The Kyiv that the Petrovskys and Finbergs returned to after the war was not the city they left. “During that first decade after the war,” Leonid Finberg’s mother, Lilya, said in a Centropa interview, “people did not like talking about the tragedy of the Jewish people. Words like ‘Babi Yar’ could only be whispered.”

Lilya Finberg went on to say, “The citizens of Kiev hated the Germans—I remember how they were hung on Kreschatik Street in the beginning of 1944, but their ‘love’ for the Jews was not great, either. I can’t comprehend this—after the tragedy in Babi Yar, the attitude toward Jews in Kiev was much worse than before it. This became especially obvious during the period of the ‘Doctors Trial.’ It seemed that traditional anti-Semitism was now enhanced by anti-Semitism ‘from above’—people simply would not go to Jewish doctors in Kiev.”

As we sat in Leonid’s office—in a neighborhood that had once been filled with Jewish families, schools and synagogues—he told me that in the postwar years, the only functioning Jewish institution in the whole of Kyiv was a synagogue just around the corner, the Choral Synagogue, and that it holds services to this day.

The Choral Synagogue
The Choral Synagogue

Courtesy the author

To paint a picture of what it was like following World War II, another Centropa interviewee, Peter Rabstevich, said “starting at Rosh Hashanah in 1944, thousands of people would stand on the street in front of the Choral Synagogue, which had been filled from the minute they opened the doors in the morning. So they wired up speakers and broadcast the service to those outside. It wasn’t kosher, of course, to use electricity like that on the High Holidays, but they did it anyway. I think two years later the authorities made them stop using the speakers. But still people came and they would completely fill the street. Most of them didn’t know how to pray, but they came out of solidarity, to pay tribute to their murdered families, and to remember that they were Jews.”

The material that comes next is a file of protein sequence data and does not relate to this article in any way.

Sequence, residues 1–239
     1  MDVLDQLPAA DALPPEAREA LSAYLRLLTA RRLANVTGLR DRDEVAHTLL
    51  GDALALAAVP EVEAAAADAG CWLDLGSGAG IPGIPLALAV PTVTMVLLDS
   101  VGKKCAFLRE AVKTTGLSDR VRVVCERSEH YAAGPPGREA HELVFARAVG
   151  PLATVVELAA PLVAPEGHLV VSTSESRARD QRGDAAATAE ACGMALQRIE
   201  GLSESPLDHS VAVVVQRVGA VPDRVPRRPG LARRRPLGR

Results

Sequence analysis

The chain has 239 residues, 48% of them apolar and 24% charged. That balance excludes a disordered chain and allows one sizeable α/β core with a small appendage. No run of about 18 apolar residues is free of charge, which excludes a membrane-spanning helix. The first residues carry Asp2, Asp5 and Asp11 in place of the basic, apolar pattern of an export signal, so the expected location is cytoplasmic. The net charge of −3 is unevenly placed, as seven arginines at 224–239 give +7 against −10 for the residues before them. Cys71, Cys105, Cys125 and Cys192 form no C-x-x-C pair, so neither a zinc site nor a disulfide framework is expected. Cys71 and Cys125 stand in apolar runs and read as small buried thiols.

Leonid recalls the 1960s and ’70s in Kyiv: “it was almost impossible to go to Babyn Yar for the commemoration date. The police would block the streets, the buses wouldn’t run there. It was only during Perestroika in the mid 1980s, that we were finally able to hold a commemoration there.”